Being an outsider actually worked to my advantage as a tech blogger, because it allowed me to step back and take a bird’s eye view of what was going on in Silicon Valley. I soon attracted other outsiders to write the blog with me: a Russian-born entrepreneur with a gift for deep analysis of Web trends, a big thinking Turkish entrepreneur, a promising young blogger from Rhode Island, a previously unknown Tampa Bay blogger (now one of the best in the business), and a number of talented bloggers from that most alternative of US cities, Portland. Because of this disparate group of outsiders, none of whom were based in Silicon Valley, Read/Write Web became known as an analysis blog which looked at technology a bit differently.

That’s not to say that going to the home of technology wasn’t important. I traveled to Silicon Valley on a regular basis on Read/Write Web business, to attend events and eventually host a couple of our own. I first traveled to the US in 2005, when I attended the second annual Web 2.0 Conference in San Francisco. I immediately felt welcome in Silicon Valley. People there were curious about this odd fellow behind Read/Write Web and were interested in what I had to say, even if they couldn’t make out my accent sometimes (I pronounced Web as “Weeb,” apparently).

It was a time of trial and experimentation on the Weeb, I mean Web. This era even had a name, “Web 2.0,” although nobody actually knew what that meant. All we knew was that innovation was happening again and that something new was emerging from Internet technology. My opinions about this seachange were as good as anyone else’s. People listened. They liked hearing from me and seeing me. So yes, visiting the valley was important.

For most of my time though, I was in a place that is more than 10,000 kilometres away from the valley. Even so, I never felt that isolation was an issue. I met hundreds of like-minded people through blogging and for the majority of them, it was only a virtual connection. Up till about 2009, I hadn’t even met many of my own staff! I was the only one of Read/Write Web’s full-time workers to live in New Zealand. All the others lived in the US. But again I didn’t feel isolated, because we communicated daily using virtual tools like Skype and Basecamp. I felt a sense of belonging, to both the blogosphere and to the company I’d created.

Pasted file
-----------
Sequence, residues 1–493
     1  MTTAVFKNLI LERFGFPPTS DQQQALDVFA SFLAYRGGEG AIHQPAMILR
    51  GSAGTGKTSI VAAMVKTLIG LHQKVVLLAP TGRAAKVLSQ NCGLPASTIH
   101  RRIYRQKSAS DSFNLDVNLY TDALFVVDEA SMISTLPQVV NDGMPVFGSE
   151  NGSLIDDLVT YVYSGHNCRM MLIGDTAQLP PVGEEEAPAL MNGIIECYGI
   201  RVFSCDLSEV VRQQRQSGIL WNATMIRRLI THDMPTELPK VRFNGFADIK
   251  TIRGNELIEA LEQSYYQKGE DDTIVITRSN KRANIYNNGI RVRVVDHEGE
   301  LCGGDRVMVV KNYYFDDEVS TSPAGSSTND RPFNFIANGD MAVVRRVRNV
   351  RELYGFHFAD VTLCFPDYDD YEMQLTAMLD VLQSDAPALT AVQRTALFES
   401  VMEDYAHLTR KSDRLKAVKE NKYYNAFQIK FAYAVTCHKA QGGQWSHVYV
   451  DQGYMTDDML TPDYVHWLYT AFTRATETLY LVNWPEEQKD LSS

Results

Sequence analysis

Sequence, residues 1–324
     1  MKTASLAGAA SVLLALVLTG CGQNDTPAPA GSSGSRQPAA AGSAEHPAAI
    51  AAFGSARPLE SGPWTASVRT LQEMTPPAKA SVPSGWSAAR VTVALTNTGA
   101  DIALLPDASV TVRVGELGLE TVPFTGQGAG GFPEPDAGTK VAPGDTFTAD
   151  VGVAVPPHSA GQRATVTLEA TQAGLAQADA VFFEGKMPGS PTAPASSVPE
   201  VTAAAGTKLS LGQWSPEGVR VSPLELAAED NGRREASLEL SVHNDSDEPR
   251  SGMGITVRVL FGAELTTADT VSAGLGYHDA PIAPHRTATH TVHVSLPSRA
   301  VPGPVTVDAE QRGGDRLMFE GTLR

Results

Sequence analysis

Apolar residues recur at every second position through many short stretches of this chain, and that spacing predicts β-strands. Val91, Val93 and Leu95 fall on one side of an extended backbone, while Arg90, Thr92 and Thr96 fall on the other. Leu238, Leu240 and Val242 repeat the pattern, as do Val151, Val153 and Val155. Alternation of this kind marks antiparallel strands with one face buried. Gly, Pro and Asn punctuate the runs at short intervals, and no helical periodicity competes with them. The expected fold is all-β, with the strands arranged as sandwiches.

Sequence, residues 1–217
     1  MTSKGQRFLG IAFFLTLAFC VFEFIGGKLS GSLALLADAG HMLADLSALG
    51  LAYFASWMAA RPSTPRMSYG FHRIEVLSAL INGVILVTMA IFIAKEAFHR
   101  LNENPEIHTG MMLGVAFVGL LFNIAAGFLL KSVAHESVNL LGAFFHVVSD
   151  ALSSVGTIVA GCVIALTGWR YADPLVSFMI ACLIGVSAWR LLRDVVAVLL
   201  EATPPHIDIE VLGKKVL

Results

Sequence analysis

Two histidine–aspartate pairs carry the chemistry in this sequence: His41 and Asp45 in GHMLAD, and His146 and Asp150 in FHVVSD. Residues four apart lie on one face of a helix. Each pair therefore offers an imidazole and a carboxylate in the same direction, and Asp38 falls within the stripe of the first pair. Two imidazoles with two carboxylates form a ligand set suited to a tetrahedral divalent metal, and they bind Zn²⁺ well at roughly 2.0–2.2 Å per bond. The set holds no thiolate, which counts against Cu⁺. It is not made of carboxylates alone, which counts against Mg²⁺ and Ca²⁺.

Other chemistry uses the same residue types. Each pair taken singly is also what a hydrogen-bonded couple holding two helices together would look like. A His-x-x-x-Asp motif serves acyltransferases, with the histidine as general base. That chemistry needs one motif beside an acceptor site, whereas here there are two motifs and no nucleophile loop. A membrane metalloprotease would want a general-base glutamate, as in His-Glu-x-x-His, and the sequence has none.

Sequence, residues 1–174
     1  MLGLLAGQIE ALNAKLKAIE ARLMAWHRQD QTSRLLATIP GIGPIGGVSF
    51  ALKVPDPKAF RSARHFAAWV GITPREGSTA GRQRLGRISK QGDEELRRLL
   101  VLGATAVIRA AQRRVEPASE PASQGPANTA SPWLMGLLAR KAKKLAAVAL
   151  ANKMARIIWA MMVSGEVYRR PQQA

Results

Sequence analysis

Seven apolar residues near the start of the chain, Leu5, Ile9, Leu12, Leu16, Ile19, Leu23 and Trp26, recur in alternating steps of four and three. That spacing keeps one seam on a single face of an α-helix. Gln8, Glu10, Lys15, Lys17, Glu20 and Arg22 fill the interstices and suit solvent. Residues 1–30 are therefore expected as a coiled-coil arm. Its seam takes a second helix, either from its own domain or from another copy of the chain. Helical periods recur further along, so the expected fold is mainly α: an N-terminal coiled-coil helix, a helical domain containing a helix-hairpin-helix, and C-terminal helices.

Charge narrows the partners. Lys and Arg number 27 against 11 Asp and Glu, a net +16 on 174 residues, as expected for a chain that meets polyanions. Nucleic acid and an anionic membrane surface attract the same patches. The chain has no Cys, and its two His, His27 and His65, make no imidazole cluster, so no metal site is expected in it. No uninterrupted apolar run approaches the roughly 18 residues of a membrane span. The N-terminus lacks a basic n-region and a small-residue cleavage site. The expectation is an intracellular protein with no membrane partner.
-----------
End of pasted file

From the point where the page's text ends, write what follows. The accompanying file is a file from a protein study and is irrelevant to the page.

I sold the blog in late 2011. I continued to work there and travel to the US, to visit the new ReadWrite office in San Francisco and go to events. But things had changed. I was increasingly out of the loop with business decisions, since most of the time I wasn’t in the office when they were being discussed. I was also sensing a certain resentment from people I knew in the valley. On one trip a successful media entrepreneur from the valley, who I knew well, said to me in a rather disdainful voice: “So you just come over here every few months, get what you need and go back home?” The implication was that because I hadn’t chosen to base myself in Silicon Valley when I sold the business, I wasn’t really a part of it anymore. He’d said it jokingly, but it was on the mark. I was beginning to feel like I didn’t belong.

To be clear, this was all my own doing and I have absolutely no regrets. It was my decision to sell the business and it worked out well for me financially. But by selling Read/Write Web, I knew I’d be handing over the controls. I also chose to stay in New Zealand after selling, because of personal reasons. Then when I left the site in October 2012, I stopped regular blogging and focused my attention on a new goal: writing a book. All this led to a feeling of isolation, from Read/Write Web and the blogosphere at large.

The solution was to rebuild my connections to people, which I began to do over 2013 and beyond. People who love Internet technology are still my community, but they are now primarily reachable through social media. So I try to stay active on Twitter and Facebook, and write occassionally on my personal blog. I’m still that same outsider I was when I founded Read/Write Web. Only now my primary creative outlet is different: books. So I make an effort to keep my presence up on the Web, while I slog away at writing books.

The takeaway for fellow entrepreneurs from New Zealand, or indeed any other country that is far away from Silicon Valley, is to stay connected. Find your community and get involved. Geography is no longer an excuse to be isolated. It still matters, but not as much as you’d think. After all, I managed Read/Write Web for nearly ten years from across the ocean.